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The latest in California's reparations efforts

AILSA CHANG, HOST:

Last summer, a task force here in California recommended that the state do something that no state has ever done. It recommended that California pay cash reparations to residents who are descended from enslaved African Americans. The Reparations Task Force spent two years studying this issue. It also made dozens of other recommendations for lawmakers. So where do things stand? Well, to find out, we're joined now by NPR's Adrian Florido. Hey, Adrian.

ADRIAN FLORIDO, BYLINE: Hey, Ailsa.

CHANG: So I know that this week marked the deadline to introduce new bills in the legislature here, so I guess the big question is, are California lawmakers proposing cash reparations or not?

FLORIDO: No. There's been no movement to make cash reparations a reality. But the state's legislative Black Caucus has been promoting about a dozen bills - most filed over the last couple of weeks - that respond to other of the task force's recommendations. So one of these bills would issue a state apology for the role that California played in protecting slaveholders, even though it was never a slave state itself, and for a long history of racist state policies.

CHANG: OK.

FLORIDO: There are also bills to fund programs targeting racial health and wealth gaps. One bill would allow California to return land to Black families who had it taken from them through eminent domain with racist motives. But as I said, all of these fell short of what had been the Reparations Task Force's primary, most headline-grabbing recommendation last summer, which was cash payments as a way to atone for the harms of slavery and its racist legacy.

CHANG: And I remember all those headlines. Why aren't cash payments included in these bills, you think?

FLORIDO: Well, simply, there's not the political support. I spoke with Democratic state Senator Steven Bradford. He is a leader of the Black Caucus and served on the Reparations Task Force. And he supports cash payments. But he says, you know, conversations with his state House colleagues have made it pretty clear that the political will is just not there.

STEVEN BRADFORD: It's the will or the budget. They're going to fall back on, you know, we have a $30 billion-plus deficit. So I've been around this long enough. That's going to be enough reason why folks are going to say, oh, we can't do it now.

FLORIDO: You know, the numbers, Ailsa, that get tossed around vary pretty widely. Bradford thinks that meaningful payments that would amount to at least a couple of hundred thousand dollars per eligible person - cash reparations have never been an easy sell. And so while Bradford said he hopes lawmakers will eventually move toward adopting them, for now, it's not seeming likely. And it's a lot of these other programs and proposals reflected in these bills that lawmakers are leaning on to be able to say that they're doing something on reparations.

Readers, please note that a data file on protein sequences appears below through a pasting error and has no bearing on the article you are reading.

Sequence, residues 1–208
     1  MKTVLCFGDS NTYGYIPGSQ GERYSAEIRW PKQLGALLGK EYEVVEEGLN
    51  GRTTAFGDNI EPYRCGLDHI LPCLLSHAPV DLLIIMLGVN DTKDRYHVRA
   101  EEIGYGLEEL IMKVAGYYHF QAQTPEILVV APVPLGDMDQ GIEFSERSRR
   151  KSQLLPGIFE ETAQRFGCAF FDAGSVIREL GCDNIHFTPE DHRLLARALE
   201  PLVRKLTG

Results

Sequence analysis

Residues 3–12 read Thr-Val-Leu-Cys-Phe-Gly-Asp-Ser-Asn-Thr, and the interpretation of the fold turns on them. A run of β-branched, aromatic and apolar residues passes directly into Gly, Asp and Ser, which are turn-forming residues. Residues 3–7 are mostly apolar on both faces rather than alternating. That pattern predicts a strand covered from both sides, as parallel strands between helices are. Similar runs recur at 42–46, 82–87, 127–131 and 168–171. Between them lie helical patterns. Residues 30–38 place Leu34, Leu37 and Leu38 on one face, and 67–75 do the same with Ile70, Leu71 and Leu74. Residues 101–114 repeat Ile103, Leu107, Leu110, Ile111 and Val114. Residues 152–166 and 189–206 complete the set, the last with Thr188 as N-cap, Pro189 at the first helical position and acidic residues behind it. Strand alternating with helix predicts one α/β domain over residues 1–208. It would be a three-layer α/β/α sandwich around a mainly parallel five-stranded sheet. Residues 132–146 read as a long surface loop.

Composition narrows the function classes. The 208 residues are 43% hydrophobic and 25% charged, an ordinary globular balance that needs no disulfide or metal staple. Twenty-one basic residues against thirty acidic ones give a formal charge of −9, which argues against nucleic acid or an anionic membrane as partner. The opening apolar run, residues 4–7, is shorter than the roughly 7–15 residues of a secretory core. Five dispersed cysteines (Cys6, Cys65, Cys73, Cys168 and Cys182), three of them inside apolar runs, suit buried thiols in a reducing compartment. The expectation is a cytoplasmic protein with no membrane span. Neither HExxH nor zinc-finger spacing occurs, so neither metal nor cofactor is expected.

CHANG: Well, what are advocates of reparations saying about all of this right now?

FLORIDO: You can imagine they're not thrilled. There's a big network of Black activists in California who've been pressing the state on this issue for years now. I spoke with Yahsmeen Abdusami Oakley. She's a reparations advocate in the city of East Palo Alto. And she said while the bills that lawmakers are pursuing are, of course, welcome...

YAHSMEEN ABDUSAMI OAKLEY: I am disappointed because there is no cash. Compensation is central to reparations. So when we are not discussing compensation, like, what are we really discussing?

FLORIDO: Lawmakers, Ailsa, are stressing that reparations can take many forms. They can look like a lot of different things, but the fact is that cash compensation has always been the main goal of advocates here. And so Abdusami Oakley says that she and others are going to keep pushing for that.

CHANG: Yeah, but the thing is, California's - you know, it's one of the most progressive states in the country, right? So if cash payments aren't looking...

FLORIDO: Yeah.

CHANG: ...That likely here, what does that say about their prospects elsewhere in the country?

FLORIDO: You know, a big part of the reason state lawmakers created the task force in California was because, at the federal level, cash reparations have always been kind of dead on arrival. Most Americans just don't support them.

CHANG: Yeah.

FLORIDO: So the thinking was, you know, let's try to do it at the state level and see if we can give this movement a boost across the country at a more local level. That's why the task force's work was considered so historic. No state has ever gotten this close...

CHANG: Right.

FLORIDO: ...To a cash reparations program on a large scale. So it's just another reason advocates say they're going to keep pushing to keep the momentum going nationwide.

CHANG: That is NPR's Adrian Florido. Thank you, Adrian.

FLORIDO: Thanks, Ailsa. Transcript provided by NPR, Copyright NPR.

NPR transcripts are created on a rush deadline by an NPR contractor. This text may not be in its final form and may be updated or revised in the future. Accuracy and availability may vary. The authoritative record of NPR’s programming is the audio record.

Adrian Florido
Adrian Florido is a national correspondent for NPR covering race and identity in America.